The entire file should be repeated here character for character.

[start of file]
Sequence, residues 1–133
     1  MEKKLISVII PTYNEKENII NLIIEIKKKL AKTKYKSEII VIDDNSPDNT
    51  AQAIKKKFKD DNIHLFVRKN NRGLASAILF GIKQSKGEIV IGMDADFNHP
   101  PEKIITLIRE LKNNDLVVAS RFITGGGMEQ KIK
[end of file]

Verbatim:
Sequence, residues 1–133
     1  MEKKLISVII PTYNEKENII NLIIEIKKKL AKTKYKSEII VIDDNSPDNT
    51  AQAIKKKFKD DNIHLFVRKN NRGLASAILF GIKQSKGEIV IGMDADFNHP
   101  PEKIITLIRE LKNNDLVVAS RFITGGGMEQ KIK